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Environmental Factor

Environmental Factor

Your Online Source for NIEHS News

January 2018

Angela Gutierrez honored with 2017 Wetterhahn Award

The Superfund Research Program named Angela Gutierrez, from the University of Kentucky, as this year’s Wetterhahn Memorial Award winner.

The NIEHS Superfund Research Program (SRP) selected Angela Gutierrez, from the University of Kentucky SRP Center(https://tools.niehs.nih.gov/srp/programs/Program_detail.cfm?Project_ID=P42ES007380), as the 20th recipient of the Wetterhahn Memorial Award. The announcement of the 2017 winner was made at the Dec. 7 SRP 30th Anniversary Annual Meeting in Philadelphia.

Gutierrez is pursuing a doctoral degree at the University of Kentucky under the mentorship of Zach Hilt, Ph.D., and Thomas Dziubla, Ph.D. She was recognized for her innovative research to develop magnetic nanoparticles coated with polyphenols from plants. The nanoparticles are designed to capture and remove polychlorinated biphenyls (PCBs) from water.

Gwen Collman, Hilt, and Gutierrez “I am so thankful for the experience and opportunities SRP has offered through its unique and multidisciplinary model of research,” said Gutierrez, right. She was congratulated by Collman, left, and Hilt. (Photo courtesy of the University of Pennsylvania SRP Center)

The award recognizes an outstanding trainee who demonstrates the qualities of scientific excellence exhibited by Karen Wetterhahn, Ph.D. NIEHS Division of Extramural Research and Training Director, Gwen Collman, Ph.D., presented the award to Gutierrez.

“Angela’s work is a tribute to the legacy of Karen Wetterhahn,” Collman said. “She has taken an interdisciplinary approach to solving community problems, and bringing accessible solutions to the people.”

Cost-effective green remediation technology

“There is a growing need for technologies for water and wastewater treatment that can meet global water demands and be used in low-resource settings,” Gutierrez said. “This remediation technology maintains low production costs and is reusable, allowing it to be easily applied in current Superfund sites as well as in developing countries, such as my home country of Colombia.”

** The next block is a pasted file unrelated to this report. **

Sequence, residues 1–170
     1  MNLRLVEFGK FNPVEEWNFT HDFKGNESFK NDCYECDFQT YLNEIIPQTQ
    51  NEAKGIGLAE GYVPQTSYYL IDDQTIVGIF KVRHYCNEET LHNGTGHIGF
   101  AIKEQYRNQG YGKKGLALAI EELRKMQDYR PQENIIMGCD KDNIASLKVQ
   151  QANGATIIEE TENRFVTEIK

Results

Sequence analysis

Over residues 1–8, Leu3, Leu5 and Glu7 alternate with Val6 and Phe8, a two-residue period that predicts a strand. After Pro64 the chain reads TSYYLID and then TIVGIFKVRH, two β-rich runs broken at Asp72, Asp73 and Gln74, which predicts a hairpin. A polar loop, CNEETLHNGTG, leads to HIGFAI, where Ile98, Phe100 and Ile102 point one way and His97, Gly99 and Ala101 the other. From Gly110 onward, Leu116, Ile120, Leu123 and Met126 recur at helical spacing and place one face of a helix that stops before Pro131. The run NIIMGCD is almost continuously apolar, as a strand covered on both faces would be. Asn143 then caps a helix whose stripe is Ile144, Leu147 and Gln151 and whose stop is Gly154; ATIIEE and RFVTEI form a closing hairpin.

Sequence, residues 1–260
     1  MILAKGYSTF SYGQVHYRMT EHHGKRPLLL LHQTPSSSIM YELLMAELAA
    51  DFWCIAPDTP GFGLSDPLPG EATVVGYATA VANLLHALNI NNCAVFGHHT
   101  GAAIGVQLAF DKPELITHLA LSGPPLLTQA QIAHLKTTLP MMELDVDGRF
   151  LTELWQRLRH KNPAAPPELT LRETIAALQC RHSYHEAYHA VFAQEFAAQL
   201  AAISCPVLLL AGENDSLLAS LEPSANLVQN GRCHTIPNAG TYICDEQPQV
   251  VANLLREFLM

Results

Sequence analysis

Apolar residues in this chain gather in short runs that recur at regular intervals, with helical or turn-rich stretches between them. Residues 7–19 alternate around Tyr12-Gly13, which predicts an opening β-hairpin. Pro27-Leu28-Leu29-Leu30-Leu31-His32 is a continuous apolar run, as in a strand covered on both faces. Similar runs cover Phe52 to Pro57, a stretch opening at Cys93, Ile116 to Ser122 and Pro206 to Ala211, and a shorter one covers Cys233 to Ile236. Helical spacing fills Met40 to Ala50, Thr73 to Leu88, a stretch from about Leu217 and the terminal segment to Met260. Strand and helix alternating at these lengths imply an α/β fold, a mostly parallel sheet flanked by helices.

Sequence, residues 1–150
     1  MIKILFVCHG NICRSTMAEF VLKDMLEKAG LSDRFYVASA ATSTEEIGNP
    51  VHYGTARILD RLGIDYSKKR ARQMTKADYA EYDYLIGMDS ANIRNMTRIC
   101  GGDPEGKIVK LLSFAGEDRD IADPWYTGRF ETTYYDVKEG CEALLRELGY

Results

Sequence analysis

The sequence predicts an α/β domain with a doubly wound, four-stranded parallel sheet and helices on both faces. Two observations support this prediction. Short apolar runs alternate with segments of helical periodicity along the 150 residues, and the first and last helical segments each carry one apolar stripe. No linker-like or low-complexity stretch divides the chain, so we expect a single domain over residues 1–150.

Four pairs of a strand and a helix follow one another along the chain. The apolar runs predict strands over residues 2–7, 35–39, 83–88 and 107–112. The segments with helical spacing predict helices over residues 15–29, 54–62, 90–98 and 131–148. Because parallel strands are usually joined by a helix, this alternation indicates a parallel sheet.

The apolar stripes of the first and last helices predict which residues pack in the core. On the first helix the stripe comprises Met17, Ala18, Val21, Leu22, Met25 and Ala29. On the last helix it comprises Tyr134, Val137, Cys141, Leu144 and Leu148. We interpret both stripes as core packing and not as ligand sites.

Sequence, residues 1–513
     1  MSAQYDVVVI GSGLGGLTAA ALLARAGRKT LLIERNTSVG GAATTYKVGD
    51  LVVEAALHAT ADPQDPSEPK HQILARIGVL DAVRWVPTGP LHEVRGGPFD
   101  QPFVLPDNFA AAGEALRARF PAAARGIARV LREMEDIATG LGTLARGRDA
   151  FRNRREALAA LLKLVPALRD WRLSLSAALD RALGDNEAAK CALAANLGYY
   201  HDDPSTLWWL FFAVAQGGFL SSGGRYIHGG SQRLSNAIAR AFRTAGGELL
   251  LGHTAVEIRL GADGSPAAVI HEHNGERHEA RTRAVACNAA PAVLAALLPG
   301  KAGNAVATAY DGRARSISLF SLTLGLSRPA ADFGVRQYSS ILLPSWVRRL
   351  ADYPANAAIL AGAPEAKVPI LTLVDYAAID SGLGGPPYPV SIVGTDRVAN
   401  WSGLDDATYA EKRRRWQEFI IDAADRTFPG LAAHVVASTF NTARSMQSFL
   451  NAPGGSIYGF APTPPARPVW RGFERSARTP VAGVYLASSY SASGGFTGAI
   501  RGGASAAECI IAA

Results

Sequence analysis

The technology developed by Gutierrez and colleagues binds and removes PCBs from contaminated water. By combining magnetic iron oxide nanoparticles made in the lab with naturally occurring polyphenols from plants, such as green tea and berries, this technology is much cheaper than traditional methods.

“Angela is keenly interested in making sure that innovations in the lab are matched with stakeholders’ needs and available resources,” noted University of Kentucky SRP Center Director Bernhard Hennig, Ph.D. “Her approach ensures that the water remediation technology can be applied not only in Kentucky, but around the world in a variety of settings.”

Mentoring future science leaders

Outside of the lab, Gutierrez is actively involved in scientific communication and outreach. She strives to be a positive role model for future generations, particularly for young women of Hispanic descent, who are underrepresented in the science, technology, engineering, and mathematics, or STEM, fields.

“I hope to help form the next generation of researchers who can tackle the challenges of hazardous waste management through interdisciplinary hands-on research and close relationships with local and national stakeholders,” Gutierrez said.

Gutierrez plans to continue her work in environmental remediation as an academic researcher and hopes to follow in Wetterhahn’s footsteps by using holistic approaches to meet public health needs.

(Adeline Lopez is a research and communication specialist for MDB Inc., a contractor for the NIEHS Division of Extramural Research and Training.)

Collman and Suk join the Wetterhahn winners

Collman, far left, and Bill Suk, Ph.D., far right, joined other Wetterhahn winners for a photo. From left, Karrie Radloff, Ph.D.; Laura Senier, Ph.D.; Gutierrez; Bradley Newsome, Ph.D.; Nishad Jayasundara, Ph.D.; Alicia Timme-Laragy, Ph.D.; and Elena Craft, Ph.D.

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